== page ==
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#332 AstroFalcon

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Posted 17 December 2019 - 03:35 PM

Good evening everyone.  I've read through this entire thread and I was intrigued to see the many lines of thought that have been offered. As someone who is in the transitional zone between young amateurs and the more seasoned generation (I'm in my late 30s), I wanted to highlight a couple of observations and expand of them.

 

1.) Starman1 offered the view that outreach events doesn't necessarily drive people to invest in a scope. If someone were to purchase the venerable Orion ST-80 beginner kit with 2 Expanse eyepieces, and never spent another dollar on the hobby, would we be content with that, or is the focus really about driving amateurs to additional (and or continual) purchases? 

 

2.) There was a singular post or two that caught my eye but has been mostly glossed over in this thread: the observation that when a beginner asks a genuine question, most CN responders go directly to advocating for high-end gear, be it scopes or EPs. While I acknowledge that TV EPs are phenomenal, are they right for everyone, and it is always the right answer to an OP's question? I think that we collectively need think about the context of the OP's question and respond accordingly rather than with a "well, for just $xyz more, you can get a ________". 

 

In both of these cases, the tension between the act of observing and procurement is highlighted. I think this thread is truly about the former, yet so many responses have centered on the latter.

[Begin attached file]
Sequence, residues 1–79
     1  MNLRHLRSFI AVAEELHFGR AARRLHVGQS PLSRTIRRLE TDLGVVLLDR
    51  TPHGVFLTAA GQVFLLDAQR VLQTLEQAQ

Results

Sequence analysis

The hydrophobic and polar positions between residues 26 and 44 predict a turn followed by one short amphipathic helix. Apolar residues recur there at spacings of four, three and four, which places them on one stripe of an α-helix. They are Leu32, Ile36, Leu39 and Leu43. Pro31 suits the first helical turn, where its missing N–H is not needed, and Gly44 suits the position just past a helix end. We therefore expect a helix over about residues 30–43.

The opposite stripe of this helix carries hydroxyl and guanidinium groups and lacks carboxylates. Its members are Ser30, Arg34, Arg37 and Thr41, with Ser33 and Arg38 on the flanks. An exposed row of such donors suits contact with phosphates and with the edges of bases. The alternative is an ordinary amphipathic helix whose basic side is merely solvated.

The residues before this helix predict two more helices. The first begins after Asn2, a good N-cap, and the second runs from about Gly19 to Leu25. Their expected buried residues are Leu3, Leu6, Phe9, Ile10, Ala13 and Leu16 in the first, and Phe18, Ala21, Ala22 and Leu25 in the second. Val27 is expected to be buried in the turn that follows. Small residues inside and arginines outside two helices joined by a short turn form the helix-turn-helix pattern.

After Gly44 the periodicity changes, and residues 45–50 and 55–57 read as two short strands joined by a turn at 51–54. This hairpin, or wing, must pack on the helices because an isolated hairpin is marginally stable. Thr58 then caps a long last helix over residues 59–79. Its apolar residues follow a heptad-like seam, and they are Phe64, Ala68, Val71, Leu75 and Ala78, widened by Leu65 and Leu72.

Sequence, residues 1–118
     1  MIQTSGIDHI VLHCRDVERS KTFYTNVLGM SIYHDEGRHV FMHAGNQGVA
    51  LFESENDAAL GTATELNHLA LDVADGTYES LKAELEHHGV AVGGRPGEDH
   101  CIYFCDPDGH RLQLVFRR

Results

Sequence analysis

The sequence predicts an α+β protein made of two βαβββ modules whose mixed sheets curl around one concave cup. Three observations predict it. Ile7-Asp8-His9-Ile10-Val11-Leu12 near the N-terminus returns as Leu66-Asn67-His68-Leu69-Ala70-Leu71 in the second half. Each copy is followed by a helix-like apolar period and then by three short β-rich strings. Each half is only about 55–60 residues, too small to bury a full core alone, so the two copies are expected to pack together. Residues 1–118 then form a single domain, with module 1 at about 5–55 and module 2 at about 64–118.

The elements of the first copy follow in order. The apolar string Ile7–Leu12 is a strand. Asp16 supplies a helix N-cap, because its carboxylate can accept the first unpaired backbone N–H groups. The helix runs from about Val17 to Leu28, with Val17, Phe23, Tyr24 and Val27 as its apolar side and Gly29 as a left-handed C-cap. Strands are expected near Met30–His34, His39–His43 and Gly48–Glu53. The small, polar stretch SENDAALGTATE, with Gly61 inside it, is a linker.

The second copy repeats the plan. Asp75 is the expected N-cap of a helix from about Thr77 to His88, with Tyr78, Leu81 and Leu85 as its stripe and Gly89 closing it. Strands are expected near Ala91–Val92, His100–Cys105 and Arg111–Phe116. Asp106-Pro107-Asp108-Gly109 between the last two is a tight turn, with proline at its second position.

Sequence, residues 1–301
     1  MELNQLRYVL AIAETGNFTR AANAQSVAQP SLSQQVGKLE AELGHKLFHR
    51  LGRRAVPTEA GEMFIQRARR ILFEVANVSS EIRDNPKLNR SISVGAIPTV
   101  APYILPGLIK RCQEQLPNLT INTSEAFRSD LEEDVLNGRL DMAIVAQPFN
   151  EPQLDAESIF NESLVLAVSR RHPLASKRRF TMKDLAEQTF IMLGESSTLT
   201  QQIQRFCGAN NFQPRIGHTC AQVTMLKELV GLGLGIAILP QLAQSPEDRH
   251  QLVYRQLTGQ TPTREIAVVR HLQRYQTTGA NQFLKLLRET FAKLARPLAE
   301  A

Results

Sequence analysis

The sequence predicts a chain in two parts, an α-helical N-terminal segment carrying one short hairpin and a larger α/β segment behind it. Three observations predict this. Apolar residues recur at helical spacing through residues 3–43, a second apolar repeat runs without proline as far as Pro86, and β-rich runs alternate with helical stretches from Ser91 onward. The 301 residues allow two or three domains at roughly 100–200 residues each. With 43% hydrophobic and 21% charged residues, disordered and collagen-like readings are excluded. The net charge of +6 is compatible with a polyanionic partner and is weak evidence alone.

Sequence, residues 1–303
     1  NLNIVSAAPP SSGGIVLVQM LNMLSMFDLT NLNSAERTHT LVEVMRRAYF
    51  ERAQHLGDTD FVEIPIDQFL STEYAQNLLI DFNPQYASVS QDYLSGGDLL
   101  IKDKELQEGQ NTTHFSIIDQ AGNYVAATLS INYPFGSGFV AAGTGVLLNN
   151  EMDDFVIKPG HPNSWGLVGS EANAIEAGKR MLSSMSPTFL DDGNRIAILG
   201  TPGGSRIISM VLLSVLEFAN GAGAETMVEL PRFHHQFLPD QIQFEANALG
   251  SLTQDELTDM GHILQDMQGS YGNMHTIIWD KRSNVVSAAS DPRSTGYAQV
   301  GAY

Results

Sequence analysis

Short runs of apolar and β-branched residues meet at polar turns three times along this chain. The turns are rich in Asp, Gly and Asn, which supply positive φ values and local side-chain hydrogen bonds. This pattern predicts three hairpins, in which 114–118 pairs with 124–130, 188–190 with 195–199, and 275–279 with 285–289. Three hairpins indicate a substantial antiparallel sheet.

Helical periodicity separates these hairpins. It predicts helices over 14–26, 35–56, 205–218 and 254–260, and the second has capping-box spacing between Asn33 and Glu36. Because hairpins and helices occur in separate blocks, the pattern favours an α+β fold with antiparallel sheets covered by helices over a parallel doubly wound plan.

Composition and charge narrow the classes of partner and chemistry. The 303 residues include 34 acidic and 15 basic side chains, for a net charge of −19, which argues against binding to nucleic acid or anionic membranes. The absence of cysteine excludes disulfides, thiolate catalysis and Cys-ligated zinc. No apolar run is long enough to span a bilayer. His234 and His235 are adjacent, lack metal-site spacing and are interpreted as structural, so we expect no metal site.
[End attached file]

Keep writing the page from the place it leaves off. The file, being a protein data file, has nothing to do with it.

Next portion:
I'll pick on myself for a moment, I was gifted an Orion ST-80. I've had it for nearly a decade and its my only scope. I've acquired several ES82s and don't have any current need to purchase anything additional. In the context of this thread, am I good since I'm observing, or part of the problem since I'm not currently buying things?


Edited by AstroFalcon, 17 December 2019 - 03:36 PM.

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#333 Starman1

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Posted 17 December 2019 - 04:03 PM

Good evening everyone.  I've read through this entire thread and I was intrigued to see the many lines of thought that have been offered. As someone who is in the transitional zone between young amateurs and the more seasoned generation (I'm in my late 30s), I wanted to highlight a couple of observations and expand of them.

 

1.) Starman1 offered the view that outreach events doesn't necessarily drive people to invest in a scope. If someone were to purchase the venerable Orion ST-80 beginner kit with 2 Expanse eyepieces, and never spent another dollar on the hobby, would we be content with that, or is the focus really about driving amateurs to additional (and or continual) purchases? 

 

2.) There was a singular post or two that caught my eye but has been mostly glossed over in this thread: the observation that when a beginner asks a genuine question, most CN responders go directly to advocating for high-end gear, be it scopes or EPs. While I acknowledge that TV EPs are phenomenal, are they right for everyone, and it is always the right answer to an OP's question? I think that we collectively need think about the context of the OP's question and respond accordingly rather than with a "well, for just $xyz more, you can get a ________".